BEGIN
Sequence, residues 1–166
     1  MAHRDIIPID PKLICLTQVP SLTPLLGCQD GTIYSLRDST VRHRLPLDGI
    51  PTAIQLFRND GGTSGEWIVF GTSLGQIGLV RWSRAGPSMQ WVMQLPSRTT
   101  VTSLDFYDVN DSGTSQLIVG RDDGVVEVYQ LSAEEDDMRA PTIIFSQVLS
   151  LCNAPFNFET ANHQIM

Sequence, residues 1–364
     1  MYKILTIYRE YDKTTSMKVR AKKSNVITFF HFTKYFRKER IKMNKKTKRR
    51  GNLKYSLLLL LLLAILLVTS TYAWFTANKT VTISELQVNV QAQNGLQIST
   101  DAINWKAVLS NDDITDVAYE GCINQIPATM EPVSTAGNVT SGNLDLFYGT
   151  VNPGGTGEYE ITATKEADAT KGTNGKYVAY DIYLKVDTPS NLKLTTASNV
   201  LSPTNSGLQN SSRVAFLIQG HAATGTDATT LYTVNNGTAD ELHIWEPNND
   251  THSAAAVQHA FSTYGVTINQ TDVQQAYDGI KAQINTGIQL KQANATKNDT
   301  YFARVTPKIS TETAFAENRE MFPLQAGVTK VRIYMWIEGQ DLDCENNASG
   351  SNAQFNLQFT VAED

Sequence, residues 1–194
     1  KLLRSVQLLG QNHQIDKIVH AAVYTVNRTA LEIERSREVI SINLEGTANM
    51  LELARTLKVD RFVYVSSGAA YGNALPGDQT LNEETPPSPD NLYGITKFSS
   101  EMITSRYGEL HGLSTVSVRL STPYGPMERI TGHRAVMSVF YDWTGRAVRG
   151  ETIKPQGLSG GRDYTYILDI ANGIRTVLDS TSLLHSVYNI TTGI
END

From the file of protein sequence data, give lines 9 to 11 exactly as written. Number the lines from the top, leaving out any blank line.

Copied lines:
   101  DAINWKAVLS NDDITDVAYE GCINQIPATM EPVSTAGNVT SGNLDLFYGT
   151  VNPGGTGEYE ITATKEADAT KGTNGKYVAY DIYLKVDTPS NLKLTTASNV
   201  LSPTNSGLQN SSRVAFLIQG HAATGTDATT LYTVNNGTAD ELHIWEPNND